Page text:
User currently offlinejetpilot From United States of America, joined May 1999, 3130 posts, RR: 29
Reply 6, posted (3 years 2 months 4 weeks 1 day 18 hours ago) and read 4150 times:

In the 727 V1/VR are always the same speed.

User currently offlinetb727 From United States of America, joined Jun 2005, 1597 posts, RR: 9
Reply 7, posted (3 years 2 months 4 weeks 1 day 17 hours ago) and read 4120 times:

It's when the other guy says "V1" of course.

Quoting jetpilot (Reply 6):
In the 727 V1/VR are always the same speed.

I want to say I saw a split V1/VR only once on the 727 a few months back, I can not however remember why we did it, or really if we did it, I vaguely remember asking why because I had never seen it. Never mind, I can't remember lol.



Too lazy to work, too scared to steal!
User currently offlinejetpilot From United States of America, joined May 1999, 3130 posts, RR: 29
Reply 8, posted (3 years 2 months 4 weeks 1 day 17 hours ago) and read 4114 times:

I think on the rare occasion of an unbalanced field V1 and VR can be different. But I have never experienced an unbalanced field TO in a 727.

User currently offlinelonghauler From Canada, joined Mar 2004, 4979 posts, RR: 42
Reply 9, posted (3 years 2 months 4 weeks 1 day 17 hours ago) and read 4107 times:

Quoting FlyASAGuy2005 (Reply 4):
I see that a lot with the CR7s and CR9s. V1 and VR is many times withing 1 or 2 knots of each other, if not the same. I don't know why that is though.

If you work it backward, start with V2 ... your safe climb out speed on one engine, under the conditions you are presently flying. Now, think about at what speed do you need to rotate so your initial climb speed is V2 ... that will be Vr. Clear enough so far. Vr and V2 are related to altitude/obstacle/ climb performance.

As you know though, V1 is a ground performance speed. Maximum speed at which a rejected take-off is possible, and (likely) stay within the confines of the runway.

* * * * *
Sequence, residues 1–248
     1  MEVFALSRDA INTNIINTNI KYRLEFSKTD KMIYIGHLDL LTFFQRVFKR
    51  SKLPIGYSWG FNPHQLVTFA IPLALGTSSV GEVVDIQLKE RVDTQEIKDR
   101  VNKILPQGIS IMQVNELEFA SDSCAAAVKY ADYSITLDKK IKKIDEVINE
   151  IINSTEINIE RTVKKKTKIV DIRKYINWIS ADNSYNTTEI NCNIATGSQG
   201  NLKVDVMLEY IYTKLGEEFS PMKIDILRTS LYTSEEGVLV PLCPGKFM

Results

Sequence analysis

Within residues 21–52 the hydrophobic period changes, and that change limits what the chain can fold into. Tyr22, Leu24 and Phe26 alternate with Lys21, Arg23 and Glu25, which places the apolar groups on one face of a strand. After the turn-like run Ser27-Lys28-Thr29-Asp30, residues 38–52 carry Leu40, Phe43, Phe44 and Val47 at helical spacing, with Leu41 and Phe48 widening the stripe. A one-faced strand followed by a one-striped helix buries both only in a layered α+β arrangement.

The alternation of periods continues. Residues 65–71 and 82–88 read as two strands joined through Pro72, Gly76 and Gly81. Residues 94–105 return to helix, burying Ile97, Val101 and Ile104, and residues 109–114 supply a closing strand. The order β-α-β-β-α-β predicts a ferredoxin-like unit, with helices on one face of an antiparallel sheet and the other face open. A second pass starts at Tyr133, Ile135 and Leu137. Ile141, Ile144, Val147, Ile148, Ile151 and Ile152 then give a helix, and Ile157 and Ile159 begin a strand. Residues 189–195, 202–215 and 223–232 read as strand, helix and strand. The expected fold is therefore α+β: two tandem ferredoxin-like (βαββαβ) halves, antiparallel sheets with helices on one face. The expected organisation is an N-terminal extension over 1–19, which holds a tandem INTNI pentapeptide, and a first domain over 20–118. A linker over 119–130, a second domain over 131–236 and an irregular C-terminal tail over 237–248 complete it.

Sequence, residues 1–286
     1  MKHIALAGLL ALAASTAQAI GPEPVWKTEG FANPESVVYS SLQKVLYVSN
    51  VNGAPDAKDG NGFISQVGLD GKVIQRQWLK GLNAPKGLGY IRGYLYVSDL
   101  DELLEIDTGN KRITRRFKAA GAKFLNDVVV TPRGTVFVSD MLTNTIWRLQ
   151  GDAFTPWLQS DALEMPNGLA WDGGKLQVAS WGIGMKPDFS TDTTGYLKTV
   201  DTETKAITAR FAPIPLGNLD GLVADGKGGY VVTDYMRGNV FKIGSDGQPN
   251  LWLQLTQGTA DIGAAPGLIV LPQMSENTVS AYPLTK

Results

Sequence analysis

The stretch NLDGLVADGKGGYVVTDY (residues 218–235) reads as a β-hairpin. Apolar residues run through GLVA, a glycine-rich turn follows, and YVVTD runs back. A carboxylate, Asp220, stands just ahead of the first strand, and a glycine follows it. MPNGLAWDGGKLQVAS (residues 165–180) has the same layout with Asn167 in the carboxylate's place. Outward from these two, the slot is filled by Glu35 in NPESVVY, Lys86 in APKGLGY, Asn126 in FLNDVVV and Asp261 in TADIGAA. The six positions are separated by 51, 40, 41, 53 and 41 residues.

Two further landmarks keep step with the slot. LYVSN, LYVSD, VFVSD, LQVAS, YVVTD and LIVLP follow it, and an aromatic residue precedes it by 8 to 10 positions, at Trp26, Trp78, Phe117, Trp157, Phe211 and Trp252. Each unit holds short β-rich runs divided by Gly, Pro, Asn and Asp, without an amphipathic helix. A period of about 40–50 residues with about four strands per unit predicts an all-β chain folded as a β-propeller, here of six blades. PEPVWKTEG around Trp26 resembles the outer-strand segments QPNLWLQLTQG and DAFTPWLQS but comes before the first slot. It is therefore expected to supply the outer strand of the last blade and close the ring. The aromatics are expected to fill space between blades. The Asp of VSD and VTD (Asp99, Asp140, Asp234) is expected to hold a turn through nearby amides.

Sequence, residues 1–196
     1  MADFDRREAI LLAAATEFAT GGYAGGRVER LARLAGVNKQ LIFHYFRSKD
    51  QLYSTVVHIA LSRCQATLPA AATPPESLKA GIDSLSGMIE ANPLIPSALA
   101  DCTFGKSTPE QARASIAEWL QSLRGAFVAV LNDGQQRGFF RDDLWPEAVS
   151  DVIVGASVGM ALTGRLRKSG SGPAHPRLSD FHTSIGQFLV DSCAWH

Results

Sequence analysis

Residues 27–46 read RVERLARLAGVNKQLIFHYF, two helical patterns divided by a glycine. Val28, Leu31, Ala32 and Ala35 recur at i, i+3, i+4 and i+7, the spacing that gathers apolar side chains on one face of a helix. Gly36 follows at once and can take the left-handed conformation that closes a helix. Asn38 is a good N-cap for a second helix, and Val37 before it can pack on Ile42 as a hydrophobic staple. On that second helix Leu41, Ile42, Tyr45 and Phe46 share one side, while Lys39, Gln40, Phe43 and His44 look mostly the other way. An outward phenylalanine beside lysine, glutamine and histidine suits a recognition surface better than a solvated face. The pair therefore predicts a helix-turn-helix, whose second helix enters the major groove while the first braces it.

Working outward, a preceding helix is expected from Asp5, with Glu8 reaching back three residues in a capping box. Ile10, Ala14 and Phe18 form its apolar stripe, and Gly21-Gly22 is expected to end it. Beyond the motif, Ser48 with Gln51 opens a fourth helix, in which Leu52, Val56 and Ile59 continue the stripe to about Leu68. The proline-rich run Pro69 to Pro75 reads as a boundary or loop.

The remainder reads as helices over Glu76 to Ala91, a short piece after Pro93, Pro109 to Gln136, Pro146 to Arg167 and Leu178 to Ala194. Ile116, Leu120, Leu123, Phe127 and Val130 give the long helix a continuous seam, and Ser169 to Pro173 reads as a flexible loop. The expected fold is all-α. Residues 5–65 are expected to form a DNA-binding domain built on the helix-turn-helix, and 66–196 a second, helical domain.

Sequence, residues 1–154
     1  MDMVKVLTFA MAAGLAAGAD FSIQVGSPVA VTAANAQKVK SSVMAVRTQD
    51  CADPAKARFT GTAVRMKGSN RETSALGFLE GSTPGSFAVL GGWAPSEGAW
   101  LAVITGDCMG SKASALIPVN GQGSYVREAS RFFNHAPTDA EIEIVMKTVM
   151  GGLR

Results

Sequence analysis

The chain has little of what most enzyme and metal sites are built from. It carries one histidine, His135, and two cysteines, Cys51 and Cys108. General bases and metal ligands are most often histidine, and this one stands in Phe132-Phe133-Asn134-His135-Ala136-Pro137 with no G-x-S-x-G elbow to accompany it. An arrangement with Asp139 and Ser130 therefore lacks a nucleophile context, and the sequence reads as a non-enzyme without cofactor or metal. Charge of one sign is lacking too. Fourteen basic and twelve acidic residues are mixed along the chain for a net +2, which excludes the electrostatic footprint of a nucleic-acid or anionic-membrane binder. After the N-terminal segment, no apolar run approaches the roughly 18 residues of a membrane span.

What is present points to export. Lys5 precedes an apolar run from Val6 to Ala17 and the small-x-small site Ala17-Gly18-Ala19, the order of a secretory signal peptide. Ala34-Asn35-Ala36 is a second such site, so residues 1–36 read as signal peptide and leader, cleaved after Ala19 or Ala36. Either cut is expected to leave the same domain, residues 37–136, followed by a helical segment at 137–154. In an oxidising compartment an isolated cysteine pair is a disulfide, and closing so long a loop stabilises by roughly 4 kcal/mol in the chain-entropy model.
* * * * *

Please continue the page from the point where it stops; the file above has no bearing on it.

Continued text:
But ... what is the airplane is very light, or the runway is very long? It is very possible that V1, could be higher than V2, and thus Vr. But that can never be, obviously, so V1 is set to the same as Vr. But as pilots we know that when V1 and Vr are the same, the aircraft could conceivably stop on the runway from a speed higher than V1.

Now, we would never do that. Mostly because we don't know how far above V1/Vr the aircraft could be stopped. But it gives one an "impression" the aircraft ground performance capability exceeds current conditions. Conversely, think about a contaminated short runway, in a heavy aircraft, and V1 is far lower than Vr. You then know that aircraft ground performance only equals current conditions.



Never gonna grow up, never gonna slow down .... Barefoot Blue Jean Night
User currently offline113312 From United States of America, joined Apr 2005, 572 posts, RR: 1
Reply 10, posted (3 years 2 months 4 weeks 1 day 17 hours ago) and read 4107 times:

Firstly, in many planes such as the 727, V1=VR in most but not all cases. An example of a V1 prior to VR will be contaminated runway.

V1 is a decision speed based upon indicated airspeed. There can be a V1 based upon rejecting a takeoff and stopping and a different V1 for electing to continue a takeoff after an engine failure and being able to achieve the minimum required climb gradient. While these two considerations might result in a different V1 for each, the most restrictive is used for the point where the decision must be made and action taken.